If you want your child to sleep in their pushchair while away, make sure it’s a good one. I know a lot of people opt for light-weight strollers rather than the big travel systems, but it can be very hard to sleep in these if they are not used to them. This can be restrictive when you want your child to sleep while you sunbathe or eat out.If you have a two-part pushchair (e.g. Bugaboo or iCandy), it’s best to check this in with the suitcase rather than leave it at the door of the plane, which means you will need a baby carrier for the airport.
Have all your documentation in order
Your baby will need a passport – gone are the days when children can travel on their parents’ passports! A baby’s first passport can take 5-10 weeks to process, so make sure you leave plenty of time. Be ready for the joys of getting a good passport photo from your baby – you can do this at home, a white sheet on the floor with baby lying on it is the easiest way.
Plan your journey around your baby’s present schedule
If you need to be at the airport for 3pm but your baby usually sleeps from 12-2pm, then leave at midday so your baby can sleep in the car. Starting your journey with a well-rested baby will definitely help to prevent meltdowns at the airport!
At the airport and during the flight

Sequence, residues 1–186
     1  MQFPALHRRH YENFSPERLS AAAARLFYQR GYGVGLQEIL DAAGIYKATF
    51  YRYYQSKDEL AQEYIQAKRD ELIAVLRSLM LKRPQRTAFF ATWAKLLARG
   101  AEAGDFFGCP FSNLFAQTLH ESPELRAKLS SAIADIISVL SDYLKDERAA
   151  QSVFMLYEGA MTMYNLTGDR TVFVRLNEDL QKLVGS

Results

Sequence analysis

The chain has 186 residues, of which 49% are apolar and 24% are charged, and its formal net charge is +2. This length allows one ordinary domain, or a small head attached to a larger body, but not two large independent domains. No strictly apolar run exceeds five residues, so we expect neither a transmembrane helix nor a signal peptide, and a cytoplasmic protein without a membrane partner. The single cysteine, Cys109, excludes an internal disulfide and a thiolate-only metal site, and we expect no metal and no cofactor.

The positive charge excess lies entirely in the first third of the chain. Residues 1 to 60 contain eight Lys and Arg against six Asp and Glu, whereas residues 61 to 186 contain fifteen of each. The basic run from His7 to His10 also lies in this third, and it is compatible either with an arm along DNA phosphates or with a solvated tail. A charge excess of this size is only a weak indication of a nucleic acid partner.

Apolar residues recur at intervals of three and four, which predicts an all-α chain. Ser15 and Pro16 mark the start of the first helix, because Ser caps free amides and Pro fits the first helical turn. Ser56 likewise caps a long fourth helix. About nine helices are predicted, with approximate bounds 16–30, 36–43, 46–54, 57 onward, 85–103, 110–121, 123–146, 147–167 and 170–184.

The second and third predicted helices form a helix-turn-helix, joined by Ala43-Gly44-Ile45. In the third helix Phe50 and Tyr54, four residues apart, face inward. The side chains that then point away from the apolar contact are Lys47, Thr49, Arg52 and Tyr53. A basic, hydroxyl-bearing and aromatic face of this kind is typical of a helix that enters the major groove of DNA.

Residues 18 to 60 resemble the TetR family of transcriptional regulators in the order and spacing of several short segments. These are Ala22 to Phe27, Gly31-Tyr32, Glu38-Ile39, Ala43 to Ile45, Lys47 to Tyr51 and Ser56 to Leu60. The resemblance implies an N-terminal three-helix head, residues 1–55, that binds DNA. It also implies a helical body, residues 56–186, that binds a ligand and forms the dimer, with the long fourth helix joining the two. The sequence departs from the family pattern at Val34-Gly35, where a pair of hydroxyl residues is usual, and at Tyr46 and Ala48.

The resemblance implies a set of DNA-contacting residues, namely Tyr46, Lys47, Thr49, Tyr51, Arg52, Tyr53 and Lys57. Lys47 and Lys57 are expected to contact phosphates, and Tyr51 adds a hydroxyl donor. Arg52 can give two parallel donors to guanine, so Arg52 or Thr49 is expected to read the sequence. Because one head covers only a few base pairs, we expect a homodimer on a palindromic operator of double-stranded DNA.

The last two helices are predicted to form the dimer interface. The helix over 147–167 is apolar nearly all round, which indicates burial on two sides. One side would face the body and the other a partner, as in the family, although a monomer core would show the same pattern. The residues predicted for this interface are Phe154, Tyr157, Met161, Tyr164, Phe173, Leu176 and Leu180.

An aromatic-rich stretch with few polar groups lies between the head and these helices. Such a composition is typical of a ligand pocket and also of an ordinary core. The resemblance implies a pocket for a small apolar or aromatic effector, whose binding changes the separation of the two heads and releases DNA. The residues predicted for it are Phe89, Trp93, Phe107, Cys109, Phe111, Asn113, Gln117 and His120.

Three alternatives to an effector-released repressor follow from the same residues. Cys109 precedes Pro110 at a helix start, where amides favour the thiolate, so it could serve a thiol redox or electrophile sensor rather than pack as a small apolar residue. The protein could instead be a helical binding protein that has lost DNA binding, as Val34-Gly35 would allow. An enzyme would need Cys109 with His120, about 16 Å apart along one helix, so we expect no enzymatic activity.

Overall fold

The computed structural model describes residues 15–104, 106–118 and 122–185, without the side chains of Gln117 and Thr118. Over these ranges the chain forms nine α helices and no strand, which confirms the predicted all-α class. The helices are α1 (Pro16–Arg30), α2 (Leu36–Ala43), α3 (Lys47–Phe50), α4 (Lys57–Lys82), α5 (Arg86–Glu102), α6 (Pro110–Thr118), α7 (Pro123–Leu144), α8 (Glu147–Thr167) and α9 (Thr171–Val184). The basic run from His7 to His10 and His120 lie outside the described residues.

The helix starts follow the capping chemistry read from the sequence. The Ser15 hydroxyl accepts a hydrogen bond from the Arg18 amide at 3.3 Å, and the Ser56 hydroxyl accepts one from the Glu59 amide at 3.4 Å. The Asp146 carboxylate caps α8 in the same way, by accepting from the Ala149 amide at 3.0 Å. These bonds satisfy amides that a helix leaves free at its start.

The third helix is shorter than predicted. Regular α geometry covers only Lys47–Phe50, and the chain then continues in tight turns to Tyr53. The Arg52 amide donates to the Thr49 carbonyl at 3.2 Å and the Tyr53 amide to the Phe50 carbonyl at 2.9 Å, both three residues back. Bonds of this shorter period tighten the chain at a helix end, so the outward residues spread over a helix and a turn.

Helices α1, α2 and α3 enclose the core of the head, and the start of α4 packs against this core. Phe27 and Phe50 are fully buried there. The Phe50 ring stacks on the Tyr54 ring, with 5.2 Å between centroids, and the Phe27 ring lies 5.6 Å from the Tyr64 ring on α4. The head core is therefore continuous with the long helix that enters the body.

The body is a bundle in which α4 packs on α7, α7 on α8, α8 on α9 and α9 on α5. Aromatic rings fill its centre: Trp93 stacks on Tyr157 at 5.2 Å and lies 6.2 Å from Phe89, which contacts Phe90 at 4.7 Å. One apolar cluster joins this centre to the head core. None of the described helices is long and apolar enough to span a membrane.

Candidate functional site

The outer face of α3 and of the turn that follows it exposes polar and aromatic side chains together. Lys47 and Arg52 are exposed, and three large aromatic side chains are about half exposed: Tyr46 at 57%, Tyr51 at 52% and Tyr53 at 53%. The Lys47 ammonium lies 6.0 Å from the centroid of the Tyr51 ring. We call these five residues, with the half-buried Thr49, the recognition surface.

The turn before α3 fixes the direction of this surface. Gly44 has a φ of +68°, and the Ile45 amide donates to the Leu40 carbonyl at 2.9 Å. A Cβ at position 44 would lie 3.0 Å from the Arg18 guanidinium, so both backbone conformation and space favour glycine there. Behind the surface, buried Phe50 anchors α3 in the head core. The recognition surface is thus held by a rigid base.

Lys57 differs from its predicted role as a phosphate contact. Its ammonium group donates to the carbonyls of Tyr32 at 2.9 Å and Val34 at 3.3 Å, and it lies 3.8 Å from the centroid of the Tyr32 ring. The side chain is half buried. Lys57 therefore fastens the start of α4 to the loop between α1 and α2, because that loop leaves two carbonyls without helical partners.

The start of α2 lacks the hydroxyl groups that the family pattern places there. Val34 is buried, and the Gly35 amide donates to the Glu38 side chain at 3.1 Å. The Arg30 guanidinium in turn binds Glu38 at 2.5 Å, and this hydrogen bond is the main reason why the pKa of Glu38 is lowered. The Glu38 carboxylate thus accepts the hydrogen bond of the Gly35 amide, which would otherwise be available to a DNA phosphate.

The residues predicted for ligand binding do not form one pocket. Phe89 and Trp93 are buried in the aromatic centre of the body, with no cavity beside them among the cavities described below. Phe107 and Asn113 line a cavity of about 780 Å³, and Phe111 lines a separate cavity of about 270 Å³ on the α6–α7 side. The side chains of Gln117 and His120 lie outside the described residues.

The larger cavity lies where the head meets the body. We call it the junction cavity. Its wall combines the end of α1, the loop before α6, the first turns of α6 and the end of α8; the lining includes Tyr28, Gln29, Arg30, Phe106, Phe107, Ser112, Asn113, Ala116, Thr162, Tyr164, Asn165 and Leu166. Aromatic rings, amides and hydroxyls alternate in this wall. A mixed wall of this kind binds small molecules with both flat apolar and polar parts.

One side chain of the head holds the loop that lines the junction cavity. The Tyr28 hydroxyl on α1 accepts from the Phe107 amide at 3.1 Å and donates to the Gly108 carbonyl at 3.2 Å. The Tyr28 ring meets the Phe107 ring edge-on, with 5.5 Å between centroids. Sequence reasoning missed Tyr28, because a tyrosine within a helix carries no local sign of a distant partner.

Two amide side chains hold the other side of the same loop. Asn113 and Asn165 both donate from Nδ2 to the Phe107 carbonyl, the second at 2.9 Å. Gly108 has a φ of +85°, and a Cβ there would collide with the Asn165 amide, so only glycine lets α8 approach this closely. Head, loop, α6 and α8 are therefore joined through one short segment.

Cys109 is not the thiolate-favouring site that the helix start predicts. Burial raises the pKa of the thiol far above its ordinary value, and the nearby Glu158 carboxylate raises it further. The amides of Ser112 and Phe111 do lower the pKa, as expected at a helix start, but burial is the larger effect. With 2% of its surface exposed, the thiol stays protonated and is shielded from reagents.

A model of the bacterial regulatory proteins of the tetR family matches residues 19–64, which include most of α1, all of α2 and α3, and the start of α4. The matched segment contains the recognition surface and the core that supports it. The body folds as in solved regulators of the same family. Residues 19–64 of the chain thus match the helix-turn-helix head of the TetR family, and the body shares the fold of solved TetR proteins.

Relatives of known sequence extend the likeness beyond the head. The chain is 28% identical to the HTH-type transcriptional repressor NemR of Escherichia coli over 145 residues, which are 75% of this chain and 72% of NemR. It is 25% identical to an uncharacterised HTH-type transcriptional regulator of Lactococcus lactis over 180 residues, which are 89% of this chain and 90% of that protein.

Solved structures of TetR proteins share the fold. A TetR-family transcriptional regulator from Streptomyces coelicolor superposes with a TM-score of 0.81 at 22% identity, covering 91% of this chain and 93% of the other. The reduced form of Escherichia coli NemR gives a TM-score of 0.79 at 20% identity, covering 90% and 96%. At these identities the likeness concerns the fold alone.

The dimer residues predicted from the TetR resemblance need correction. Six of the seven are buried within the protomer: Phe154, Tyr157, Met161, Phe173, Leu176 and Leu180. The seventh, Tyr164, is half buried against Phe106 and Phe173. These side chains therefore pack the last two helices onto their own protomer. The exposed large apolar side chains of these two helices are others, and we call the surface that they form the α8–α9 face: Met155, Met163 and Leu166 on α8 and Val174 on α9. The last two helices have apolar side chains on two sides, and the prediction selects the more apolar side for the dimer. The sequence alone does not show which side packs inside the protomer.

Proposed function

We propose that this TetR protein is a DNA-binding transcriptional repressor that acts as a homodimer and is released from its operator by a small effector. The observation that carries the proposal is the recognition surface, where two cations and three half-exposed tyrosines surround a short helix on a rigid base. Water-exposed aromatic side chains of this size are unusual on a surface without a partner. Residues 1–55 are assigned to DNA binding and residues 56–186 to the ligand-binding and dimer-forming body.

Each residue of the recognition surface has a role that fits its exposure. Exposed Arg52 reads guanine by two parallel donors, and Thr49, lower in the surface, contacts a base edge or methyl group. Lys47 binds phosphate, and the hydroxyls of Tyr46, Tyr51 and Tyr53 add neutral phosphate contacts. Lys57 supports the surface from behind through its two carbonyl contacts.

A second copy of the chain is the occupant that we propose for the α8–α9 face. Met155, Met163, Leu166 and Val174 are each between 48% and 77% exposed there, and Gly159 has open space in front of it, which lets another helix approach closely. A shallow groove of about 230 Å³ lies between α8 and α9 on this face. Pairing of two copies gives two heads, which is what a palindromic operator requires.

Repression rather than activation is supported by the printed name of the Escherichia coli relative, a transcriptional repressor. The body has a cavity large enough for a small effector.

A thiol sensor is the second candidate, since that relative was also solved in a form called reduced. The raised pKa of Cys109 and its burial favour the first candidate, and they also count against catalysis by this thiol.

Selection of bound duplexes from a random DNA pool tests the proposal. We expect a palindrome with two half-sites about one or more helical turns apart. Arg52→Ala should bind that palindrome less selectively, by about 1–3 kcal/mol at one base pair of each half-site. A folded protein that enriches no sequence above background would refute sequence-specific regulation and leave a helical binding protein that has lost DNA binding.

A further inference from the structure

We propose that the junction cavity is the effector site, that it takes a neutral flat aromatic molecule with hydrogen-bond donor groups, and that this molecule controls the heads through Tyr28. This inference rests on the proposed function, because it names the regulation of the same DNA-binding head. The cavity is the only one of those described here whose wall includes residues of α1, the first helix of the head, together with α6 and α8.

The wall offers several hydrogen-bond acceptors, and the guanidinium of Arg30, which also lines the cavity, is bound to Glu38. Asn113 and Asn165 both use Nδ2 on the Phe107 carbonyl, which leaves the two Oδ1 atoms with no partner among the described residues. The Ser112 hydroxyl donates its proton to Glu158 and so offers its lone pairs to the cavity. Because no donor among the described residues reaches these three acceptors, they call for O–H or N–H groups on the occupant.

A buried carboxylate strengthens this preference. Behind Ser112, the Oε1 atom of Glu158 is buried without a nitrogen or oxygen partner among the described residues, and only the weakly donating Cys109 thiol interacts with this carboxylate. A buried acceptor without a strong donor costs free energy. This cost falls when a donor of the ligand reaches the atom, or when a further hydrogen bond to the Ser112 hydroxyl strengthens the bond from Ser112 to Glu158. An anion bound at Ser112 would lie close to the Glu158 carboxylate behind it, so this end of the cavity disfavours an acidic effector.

Leave plenty of time
Travelling with a baby is very, very different to travelling on your own. You will need to allow for feeds, nappy changes, dropping off pushchairs and oversized baggage and other baby-related tasks. You will also be the first to board the plane. The time at the airport will fly by and there probably won’t be time for shopping!
Prepare for sleep
Car seat comfort
For a child who has their own seat on the plane (and remember you can opt to pay for children under two years old to have their own seat), you can take your car seat on board and strap them into it. Smaller babies and children will be more comfortable this way and therefore better able to sleep well on the flight.
Taking the car seat on the flight means you will have it with you at the other end. This is something you may well be pleased about when you see the hire costs in some destinations!
Ensure your baby is feeding (breast, bottle or sips of water) during take off and landing to help with their ears. Take Calpol just in case they are uncomfortable.
Keep up fluids
Your child will need plenty of fluids on the plane – it’s dehydrating!
Once you are at your destination...
Familiarity is key
It’s a good idea to take along any items your child uses habitually for comfort or sleep. Don’t forget their swaddle or sleeping bag! The more familiar your baby is with their surroundings at bed time, the less chance their sleep will be affected by the change.
Bloomsbury Mill nap mats are perfect for travelling, providing a familiar and safe place to nap and relax. They are also lightweight and very portable. I always recommend these to my clients for travelling and have such great feedback from them.